Map of the West Indies
(John Ogilby, America: being the latest, and most accurate description of the new world, London, 1671)

De Saint-Allais gives no source for his information. As the work was printed in the 1870s, at a time of increasing controversy in print surrounding Cromwell’s memory in both Ireland and England, this may have contributed to the misinterpretation of the reasons motivating John Hooke to leave Ireland. Documentary as well as circumstantial evidence suggests that rather than being forced to leave, he may have been a voluntary participant in Cromwell’s ‘Western Design’ to mount an expedition against Spanish territories in the West Indies. A John Hooke is recorded as Assistant to the Commissary General of Musters in Jamaica in 1657 (C.S.P Colonial, America and the West Indies, 1675-76: Addenda 1574-1674: 499). If this is the same John Hooke, his career was furthered by involvement with Cromwellianism, rather than hindered. Spain, rather than France, was England’s main rival in the 1650s. Indeed from the late 1650s, England and France were allies in a war against Spain. In the West Indies, the island of Saint Christopher (colloquially known as Saint Kitts) was a shared territory, and instances of holding land in both parts of the island were not unusual (C.S.P Col., America and the West Indies: 758). With the other English settlements in the Caribbean on Barbados, Nevis, Antigua, Montserrat and later Jamaica, Saint Kitts attracted large numbers of settlers in the 1650s through the growth of the hugely profitable sugar trade. The sugar boom gave birth to ‘vast and sudden fortunes’ allowing successful settlers to ‘establish sturdy foundations for the economic security of their posterities’ (Canny and Pagden 1987: 217). In the wake of the downfall of the powerful French political and financial figure Nicolas Fouquet in 1661, John Hooke appears to have acquired his confiscated estates on Martinique. Marrying Elizabeth Melon or Meslon, their children remained in the sugar business in the Caribbean for over a century. In an instance of historical irony, later members of the family, now thoroughly Gallicised and Catholicised, and with only a vague awareness of their Irish origins, served in the Irish regiments in the French army.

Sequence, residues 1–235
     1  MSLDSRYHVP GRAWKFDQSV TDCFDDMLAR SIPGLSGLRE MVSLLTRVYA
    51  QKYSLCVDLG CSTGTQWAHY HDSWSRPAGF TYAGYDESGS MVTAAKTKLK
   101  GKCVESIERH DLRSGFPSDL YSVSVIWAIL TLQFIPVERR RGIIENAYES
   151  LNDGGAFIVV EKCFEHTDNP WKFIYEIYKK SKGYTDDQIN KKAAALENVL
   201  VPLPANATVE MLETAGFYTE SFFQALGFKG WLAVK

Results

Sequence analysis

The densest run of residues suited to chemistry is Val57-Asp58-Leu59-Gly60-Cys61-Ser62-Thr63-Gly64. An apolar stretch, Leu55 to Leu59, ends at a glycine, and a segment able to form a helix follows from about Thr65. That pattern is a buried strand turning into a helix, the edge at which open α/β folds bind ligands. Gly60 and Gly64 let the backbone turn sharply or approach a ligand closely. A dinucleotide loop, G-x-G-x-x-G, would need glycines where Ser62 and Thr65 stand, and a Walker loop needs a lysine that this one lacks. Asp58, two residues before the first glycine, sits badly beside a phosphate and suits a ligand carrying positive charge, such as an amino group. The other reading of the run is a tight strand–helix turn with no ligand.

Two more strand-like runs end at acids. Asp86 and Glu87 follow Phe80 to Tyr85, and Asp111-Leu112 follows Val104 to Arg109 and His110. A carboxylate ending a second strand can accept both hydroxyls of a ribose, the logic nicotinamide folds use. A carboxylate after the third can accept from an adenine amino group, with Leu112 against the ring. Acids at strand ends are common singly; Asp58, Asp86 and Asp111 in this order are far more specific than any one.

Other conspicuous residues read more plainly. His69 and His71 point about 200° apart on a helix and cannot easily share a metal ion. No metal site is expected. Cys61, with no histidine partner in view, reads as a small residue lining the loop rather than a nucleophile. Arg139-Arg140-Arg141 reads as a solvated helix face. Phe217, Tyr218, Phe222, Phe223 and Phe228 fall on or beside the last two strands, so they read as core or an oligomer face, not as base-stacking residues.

In a sense then, the Hookes in the Caribbean did owe their presence there to Oliver Cromwell and the legacy of his campaign in Ireland. Rather than the forced migration of Catholic rebels, the family had benefited from the opportunities created by the Cromwellian wars. As with many aspects of Irish migration and diaspora studies, a seemingly simple and straightforward account can with more in-depth critical investigation and with the benefit of archival research produce a more complex and nuanced understanding of the processes at work.

Thomas Byrne
Department of History, NUI Maynooth


[1] The author's areas of interest include Early Modern Europe, Migration, Identity, Diplomatic and Intelligence History, Colonialism and Empire, and the War of Spanish Succession.